By Marty McKenna

Almost every Floridian felt the impact of the 2004 and 2005 hurricane seasons. Citrus was especially hard hit — not only by the crop and tree damage, but by the spread of canker during the multiple storms. 

For more than 10 years, the Florida Department of Agriculture and Con-sumer Services, Tallahassee, engaged in an aggressive battle to eradicate citrus canker from the state. During this time, growers lost more than 7 million trees. The eradication program was based on sound science; however, this science did not account for massive back-to-back hurricane seasons. The storms during the past two hurricane seasons caused citrus canker to spread so severely that the U.S. Department of Agriculture, Washington, D.C., concluded that halting the eradication program would be prudent based on current and expected canker infections.

The USDA is working to develop a Citrus Health Response Plan, with input from scientists, the FDACS, the University of Florida, Gainesville, and the industry. The plan will develop standards for dealing with citrus canker, citrus greening and other pests and diseases.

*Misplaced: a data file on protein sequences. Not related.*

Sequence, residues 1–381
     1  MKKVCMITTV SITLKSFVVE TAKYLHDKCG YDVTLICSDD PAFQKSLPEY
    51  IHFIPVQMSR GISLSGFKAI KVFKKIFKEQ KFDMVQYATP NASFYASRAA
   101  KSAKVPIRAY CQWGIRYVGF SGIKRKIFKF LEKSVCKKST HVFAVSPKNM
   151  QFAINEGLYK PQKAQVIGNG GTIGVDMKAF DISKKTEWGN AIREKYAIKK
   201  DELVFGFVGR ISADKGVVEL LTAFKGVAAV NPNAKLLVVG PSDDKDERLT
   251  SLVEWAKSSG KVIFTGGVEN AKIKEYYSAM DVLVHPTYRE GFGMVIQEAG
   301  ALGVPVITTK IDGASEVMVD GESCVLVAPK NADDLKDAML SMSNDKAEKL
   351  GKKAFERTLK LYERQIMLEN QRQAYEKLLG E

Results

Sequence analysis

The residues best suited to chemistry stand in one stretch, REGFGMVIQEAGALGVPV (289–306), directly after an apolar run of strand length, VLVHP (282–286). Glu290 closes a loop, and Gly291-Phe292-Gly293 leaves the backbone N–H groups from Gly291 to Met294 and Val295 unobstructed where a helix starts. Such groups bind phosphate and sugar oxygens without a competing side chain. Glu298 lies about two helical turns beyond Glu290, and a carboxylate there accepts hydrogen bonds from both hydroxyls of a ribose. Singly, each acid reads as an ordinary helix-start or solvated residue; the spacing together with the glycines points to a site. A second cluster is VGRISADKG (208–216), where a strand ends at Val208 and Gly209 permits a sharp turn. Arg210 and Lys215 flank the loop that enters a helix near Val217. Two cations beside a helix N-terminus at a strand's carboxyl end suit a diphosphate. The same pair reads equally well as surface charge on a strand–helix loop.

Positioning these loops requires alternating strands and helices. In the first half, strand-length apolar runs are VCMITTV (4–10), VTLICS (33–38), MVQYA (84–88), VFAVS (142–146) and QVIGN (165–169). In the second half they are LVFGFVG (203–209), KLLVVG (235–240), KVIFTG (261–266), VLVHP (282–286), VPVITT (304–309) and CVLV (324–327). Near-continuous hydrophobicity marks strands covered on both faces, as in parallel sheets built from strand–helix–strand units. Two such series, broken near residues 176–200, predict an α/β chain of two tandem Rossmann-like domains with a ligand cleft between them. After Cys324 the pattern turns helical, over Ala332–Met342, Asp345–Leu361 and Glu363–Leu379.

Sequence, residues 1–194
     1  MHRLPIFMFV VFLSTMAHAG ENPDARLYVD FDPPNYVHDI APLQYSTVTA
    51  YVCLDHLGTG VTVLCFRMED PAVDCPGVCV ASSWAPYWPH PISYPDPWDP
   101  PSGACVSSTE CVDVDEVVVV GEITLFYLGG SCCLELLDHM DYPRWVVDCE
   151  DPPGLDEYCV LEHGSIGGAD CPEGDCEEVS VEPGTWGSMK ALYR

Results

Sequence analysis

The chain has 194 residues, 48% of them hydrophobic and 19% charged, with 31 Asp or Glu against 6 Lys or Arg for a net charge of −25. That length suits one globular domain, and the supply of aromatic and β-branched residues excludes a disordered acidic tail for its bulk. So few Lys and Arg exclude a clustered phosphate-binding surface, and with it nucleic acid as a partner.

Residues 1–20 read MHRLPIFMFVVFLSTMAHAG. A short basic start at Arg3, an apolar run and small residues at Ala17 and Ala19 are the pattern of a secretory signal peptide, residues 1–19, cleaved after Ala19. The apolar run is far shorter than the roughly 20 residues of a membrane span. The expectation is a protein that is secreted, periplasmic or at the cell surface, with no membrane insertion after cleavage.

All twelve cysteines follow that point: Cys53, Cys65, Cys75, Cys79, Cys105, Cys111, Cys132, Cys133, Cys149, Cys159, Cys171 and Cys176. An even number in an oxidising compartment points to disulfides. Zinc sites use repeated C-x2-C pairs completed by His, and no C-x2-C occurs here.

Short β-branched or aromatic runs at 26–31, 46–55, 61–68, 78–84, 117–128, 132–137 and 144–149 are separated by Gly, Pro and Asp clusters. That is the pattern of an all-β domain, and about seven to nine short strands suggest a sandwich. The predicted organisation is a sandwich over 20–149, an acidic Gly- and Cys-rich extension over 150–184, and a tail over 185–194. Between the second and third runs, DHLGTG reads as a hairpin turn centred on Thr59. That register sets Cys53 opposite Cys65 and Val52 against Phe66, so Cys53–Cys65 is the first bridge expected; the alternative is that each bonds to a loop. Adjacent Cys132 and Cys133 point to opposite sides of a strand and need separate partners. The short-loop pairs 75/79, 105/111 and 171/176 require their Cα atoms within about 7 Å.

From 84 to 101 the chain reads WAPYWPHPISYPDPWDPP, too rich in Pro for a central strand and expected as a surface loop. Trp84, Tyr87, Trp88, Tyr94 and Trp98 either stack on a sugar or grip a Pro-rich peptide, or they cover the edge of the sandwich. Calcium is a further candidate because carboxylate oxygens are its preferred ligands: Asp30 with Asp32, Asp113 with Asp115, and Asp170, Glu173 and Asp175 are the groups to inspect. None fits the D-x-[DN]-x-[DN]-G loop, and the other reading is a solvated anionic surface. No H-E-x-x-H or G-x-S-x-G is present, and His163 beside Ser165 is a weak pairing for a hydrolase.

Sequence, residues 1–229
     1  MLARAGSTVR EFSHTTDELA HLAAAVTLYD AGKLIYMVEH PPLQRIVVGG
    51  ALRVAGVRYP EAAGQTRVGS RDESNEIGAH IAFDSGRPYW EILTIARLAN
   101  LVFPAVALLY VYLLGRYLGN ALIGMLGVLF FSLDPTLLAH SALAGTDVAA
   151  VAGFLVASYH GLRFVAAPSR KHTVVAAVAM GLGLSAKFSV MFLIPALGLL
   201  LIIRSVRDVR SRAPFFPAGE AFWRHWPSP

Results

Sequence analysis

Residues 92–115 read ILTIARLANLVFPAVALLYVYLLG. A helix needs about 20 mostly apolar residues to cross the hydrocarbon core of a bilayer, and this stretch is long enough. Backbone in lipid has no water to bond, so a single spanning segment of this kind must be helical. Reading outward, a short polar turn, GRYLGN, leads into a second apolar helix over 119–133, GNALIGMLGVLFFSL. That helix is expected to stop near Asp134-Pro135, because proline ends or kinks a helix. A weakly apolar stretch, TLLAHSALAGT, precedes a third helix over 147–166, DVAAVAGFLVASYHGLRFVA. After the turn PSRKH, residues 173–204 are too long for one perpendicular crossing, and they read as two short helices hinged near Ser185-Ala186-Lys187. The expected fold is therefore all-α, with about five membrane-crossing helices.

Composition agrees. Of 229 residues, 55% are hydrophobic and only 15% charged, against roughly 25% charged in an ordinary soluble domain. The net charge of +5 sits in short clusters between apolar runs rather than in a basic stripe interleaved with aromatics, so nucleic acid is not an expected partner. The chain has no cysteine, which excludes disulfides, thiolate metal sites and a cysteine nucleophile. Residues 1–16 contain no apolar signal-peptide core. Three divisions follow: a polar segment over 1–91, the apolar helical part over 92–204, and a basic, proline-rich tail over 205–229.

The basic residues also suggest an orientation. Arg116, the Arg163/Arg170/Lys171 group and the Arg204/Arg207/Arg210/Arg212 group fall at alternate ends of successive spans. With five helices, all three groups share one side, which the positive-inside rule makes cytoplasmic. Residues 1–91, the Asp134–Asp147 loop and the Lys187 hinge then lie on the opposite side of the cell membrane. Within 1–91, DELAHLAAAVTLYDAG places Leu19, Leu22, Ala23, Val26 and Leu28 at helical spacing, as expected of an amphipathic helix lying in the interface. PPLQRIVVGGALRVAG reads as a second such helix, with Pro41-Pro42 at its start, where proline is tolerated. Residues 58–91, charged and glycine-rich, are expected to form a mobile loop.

Florida’s citrus growers greatly appreciate President Bush’s prompt commitment to provide assistance to growers affected by citrus canker. The $100 million in assistance will help growers in their short-term recovery efforts. 

Also, Florida’s citrus growers deeply appreciate the sacrifice many homeowners made in losing their dooryard trees to citrus canker. No one realizes the value of a citrus tree more than a grower whose very livelihood depends on that tree’s viability.

In moving forward, I hope that we all can work to ensure that Florida’s citrus industry remains a viable and productive industry for many years to come.  CVM

Marty McKenna is the member-elected president of Florida Citrus Mutual. For more information, visit